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C’est le Wies

Written by Rob Otto (robdylan)

Posted in :Original Content, Sharks, Super Rugby on 14 Mar 2014 at 13:56
Tagged with : , , , , , ,

It’s a terrible headline, of course, but I guess what I’m trying to convey here is two things. Bear with me, if you would be so kind…

Obviously it’s meant to be a pun on the French “c’est la vie”, or “that’s life”, referring to Pieter-Steph du Toit’s season-ending injury and the fact that injuries like those are a very real part of the life of any rugby player. While this sort of thing is tragic, the Sharks cannot allow the loss of one player, however influential, to affect their bigger plans and goals and with a strong squad and experienced coaches at the helm, I am sure they can quickly put this behind them (no disrespect meant to Steph, of course) and move on with the season. Injuries are a part of life. They happen, you adapt, you move forward.

Now wouldn’t it be great if we had a 100-test veteran ready to step in at number 5? The reality is that we don’t and now need to back another youngster who has a huge opportunity ahead of him. C’est le Wies, which is terrible French for “now is the time for Stephan Lewies to show the whole world exactly why the Sharks coaching staff rate him so highly”. Succinct, innit?

When looking at that most dreaded item of rugby jargon, “junior pedigree”, I think it’s safe to say that Lewies simply doesn’t bat, certainly not when compared to JWC winner du Toit. The lanky 22-year-old from an unfancied school in Centurion isn’t descended from any Bok greats, nor did he get anywhere near the Bulls Craven Week team – in fact, so unknown was he as a youngster that his SA Rugby profile doesn’t even list which high school he attended (Eldoraigne, as it turns out). Coming to the Sharks Academy as a left-field pick, he battled with injury throughout his junior career and really surprised everyone last year as he rose through the ranks, within a very short space of time, to end up with a Currie Cup winner’s medal. What he did manage to in the process, though, was make a big impression on Brendan Venter and the new coach, Jake White, seems to share the previous one’s opinion; after all, he’s picking Lewies week in and week out, while more experienced locks play Vodacom Cup.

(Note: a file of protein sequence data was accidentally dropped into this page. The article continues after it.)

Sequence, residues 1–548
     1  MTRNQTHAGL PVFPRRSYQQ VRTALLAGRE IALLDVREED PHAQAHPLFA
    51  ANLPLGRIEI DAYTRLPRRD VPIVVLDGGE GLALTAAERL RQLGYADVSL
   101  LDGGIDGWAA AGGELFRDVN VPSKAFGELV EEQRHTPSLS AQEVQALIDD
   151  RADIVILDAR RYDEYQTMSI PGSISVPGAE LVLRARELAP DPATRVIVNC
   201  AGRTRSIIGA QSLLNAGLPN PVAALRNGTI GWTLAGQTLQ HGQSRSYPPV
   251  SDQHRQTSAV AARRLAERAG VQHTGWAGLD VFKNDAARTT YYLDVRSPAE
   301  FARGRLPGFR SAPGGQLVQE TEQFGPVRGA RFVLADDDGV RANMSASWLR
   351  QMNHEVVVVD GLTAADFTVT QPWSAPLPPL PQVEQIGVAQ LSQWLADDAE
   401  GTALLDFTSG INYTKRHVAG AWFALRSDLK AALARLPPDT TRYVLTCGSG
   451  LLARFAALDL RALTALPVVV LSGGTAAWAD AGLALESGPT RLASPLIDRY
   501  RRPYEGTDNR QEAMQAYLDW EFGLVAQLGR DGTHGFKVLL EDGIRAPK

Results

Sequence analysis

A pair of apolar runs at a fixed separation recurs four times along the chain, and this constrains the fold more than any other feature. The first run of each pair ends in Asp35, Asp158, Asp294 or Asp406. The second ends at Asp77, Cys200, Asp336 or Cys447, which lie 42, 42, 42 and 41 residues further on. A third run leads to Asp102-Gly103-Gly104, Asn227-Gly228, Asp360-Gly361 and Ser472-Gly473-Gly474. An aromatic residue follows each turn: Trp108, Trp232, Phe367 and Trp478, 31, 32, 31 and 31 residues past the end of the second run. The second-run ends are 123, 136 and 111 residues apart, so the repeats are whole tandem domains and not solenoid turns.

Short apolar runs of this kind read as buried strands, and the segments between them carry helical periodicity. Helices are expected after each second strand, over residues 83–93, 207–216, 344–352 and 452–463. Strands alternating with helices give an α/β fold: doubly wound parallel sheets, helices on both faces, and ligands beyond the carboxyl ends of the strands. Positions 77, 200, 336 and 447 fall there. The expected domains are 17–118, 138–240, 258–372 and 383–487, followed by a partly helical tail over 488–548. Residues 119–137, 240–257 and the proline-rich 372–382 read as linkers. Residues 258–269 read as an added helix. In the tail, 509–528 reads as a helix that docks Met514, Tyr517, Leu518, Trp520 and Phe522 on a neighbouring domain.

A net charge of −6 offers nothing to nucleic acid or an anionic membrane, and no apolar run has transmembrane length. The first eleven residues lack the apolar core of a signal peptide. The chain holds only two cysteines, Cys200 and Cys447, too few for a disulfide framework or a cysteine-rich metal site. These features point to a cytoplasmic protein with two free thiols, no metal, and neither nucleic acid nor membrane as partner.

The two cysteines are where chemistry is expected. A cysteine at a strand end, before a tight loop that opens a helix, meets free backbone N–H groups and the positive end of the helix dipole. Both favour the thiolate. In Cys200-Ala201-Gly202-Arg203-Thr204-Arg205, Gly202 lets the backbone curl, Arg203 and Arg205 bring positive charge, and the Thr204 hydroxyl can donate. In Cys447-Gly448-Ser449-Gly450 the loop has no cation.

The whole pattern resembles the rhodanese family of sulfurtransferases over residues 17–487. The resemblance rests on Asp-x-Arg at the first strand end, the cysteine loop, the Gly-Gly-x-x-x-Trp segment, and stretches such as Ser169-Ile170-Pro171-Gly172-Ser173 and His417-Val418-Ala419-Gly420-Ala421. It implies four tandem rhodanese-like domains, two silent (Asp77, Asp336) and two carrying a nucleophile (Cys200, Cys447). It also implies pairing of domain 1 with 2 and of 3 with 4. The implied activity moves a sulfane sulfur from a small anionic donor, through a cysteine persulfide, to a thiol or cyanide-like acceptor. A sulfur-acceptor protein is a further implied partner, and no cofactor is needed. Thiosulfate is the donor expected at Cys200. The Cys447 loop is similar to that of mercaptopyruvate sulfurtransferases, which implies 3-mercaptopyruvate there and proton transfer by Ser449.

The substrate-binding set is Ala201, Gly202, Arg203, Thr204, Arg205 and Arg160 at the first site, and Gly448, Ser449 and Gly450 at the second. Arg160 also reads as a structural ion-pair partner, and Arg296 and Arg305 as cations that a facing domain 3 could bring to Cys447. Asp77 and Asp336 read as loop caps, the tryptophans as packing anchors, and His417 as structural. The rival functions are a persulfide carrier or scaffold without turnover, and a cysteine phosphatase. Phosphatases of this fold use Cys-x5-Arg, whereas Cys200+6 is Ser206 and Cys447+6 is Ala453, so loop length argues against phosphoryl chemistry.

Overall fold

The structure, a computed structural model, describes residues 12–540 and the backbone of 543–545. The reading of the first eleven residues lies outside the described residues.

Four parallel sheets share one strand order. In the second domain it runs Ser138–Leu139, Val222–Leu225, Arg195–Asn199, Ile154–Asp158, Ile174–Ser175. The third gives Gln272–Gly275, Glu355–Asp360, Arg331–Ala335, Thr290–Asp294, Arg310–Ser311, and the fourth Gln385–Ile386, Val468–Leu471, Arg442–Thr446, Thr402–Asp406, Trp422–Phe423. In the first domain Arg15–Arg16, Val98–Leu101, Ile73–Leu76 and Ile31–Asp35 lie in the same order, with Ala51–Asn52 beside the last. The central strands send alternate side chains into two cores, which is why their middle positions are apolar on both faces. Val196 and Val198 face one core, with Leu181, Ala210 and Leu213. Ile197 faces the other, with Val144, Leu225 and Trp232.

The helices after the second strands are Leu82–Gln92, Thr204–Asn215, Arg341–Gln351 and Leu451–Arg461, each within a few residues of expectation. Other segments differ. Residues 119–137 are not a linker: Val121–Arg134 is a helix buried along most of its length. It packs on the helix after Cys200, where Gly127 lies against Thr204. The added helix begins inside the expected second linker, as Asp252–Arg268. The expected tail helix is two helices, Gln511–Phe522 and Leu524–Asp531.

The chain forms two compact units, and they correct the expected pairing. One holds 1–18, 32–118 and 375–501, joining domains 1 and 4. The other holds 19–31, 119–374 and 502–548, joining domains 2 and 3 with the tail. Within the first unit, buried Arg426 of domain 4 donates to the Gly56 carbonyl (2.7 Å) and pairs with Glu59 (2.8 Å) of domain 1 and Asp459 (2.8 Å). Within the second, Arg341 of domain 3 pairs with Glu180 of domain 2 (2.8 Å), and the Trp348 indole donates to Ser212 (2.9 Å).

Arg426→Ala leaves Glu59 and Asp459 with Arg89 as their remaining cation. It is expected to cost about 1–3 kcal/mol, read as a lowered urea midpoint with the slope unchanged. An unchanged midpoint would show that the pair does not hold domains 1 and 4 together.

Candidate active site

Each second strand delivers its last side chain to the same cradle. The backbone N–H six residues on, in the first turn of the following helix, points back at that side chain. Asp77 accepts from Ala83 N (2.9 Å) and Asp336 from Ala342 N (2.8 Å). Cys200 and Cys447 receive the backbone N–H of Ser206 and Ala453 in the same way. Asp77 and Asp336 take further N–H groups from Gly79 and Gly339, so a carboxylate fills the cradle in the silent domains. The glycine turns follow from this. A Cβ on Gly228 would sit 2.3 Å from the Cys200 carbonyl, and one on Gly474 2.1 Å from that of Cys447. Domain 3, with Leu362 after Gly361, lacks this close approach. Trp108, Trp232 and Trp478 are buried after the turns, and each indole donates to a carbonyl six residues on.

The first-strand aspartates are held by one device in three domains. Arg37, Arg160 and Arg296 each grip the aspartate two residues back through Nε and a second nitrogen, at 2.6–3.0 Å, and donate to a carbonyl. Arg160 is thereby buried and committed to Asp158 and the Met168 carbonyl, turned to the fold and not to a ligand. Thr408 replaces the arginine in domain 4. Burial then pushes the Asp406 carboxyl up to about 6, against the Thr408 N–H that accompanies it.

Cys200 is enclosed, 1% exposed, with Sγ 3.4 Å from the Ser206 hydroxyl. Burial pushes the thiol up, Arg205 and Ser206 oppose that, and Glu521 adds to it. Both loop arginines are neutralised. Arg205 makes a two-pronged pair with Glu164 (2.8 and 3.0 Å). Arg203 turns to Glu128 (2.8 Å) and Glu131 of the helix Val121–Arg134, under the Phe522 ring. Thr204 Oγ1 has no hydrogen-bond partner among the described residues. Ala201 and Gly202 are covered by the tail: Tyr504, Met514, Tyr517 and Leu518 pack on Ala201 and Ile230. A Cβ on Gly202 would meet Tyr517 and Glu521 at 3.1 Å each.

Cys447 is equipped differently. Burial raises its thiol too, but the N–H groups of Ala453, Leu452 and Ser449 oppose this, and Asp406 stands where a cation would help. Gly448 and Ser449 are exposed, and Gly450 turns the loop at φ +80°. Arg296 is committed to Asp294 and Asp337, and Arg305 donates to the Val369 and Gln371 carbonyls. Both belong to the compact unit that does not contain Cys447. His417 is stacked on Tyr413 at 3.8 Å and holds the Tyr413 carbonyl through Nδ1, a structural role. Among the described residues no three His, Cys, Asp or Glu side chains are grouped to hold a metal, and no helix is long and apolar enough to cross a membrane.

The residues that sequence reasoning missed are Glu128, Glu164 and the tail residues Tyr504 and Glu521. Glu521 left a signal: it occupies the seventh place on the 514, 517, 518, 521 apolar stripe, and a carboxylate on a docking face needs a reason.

Venter was impressed with Lewies because, aside from his unusual pace and athleticism for such a big guy, he showed an incredible aptitude – and appetite – for the more cerebral aspects of the game. In other words, he’s a bright young man, a real thinker and together with du Toit, worked well with Venter on line-out analysis towards the end of the Currie Cup campaign. Here’s a player, in other words, who has the “goods” to make it as a 5-lock in the modern game. All he really needs is a chance.

And now he has that chance, because let’s face it, the Sharks’ number 5 jersey is Lewies’s to lose. As if any further carrot was needed, the very real prospect looms of a place in Heyneke Meyer’s midyear squad for any local player who shows aptitude in that jersey too, given the dearth of talent in the position. Now, please don’t think I’m trying to argue for Bok inclusion before the poor guy has enjoyed even a single start in Super Rugby; the point is rather that the sky really is the limit for young Stephan and literally anything is possible for him now.

There’s your silver lining right there, Sharks fans – like the guy playing next to him, Stephan Lewies has shown that it is possible to come up the hard way, that Craven Week and SA Under 20 aren’t the only sure route to Super Rugby selection. Let’s hope he can couple that fighting spirit with his natural talent as a lineout forward and prove, over the course of the next few months, that du Toit’s tragic injury isn’t quite the hammer blow that we currently perceive it to be.

“Vervul jou roeping” (“fulfill your calling”) stands proudly emblazoned on the badge of Eldoragins Hoërskool. It’s time for her proudest son to live up to those words.


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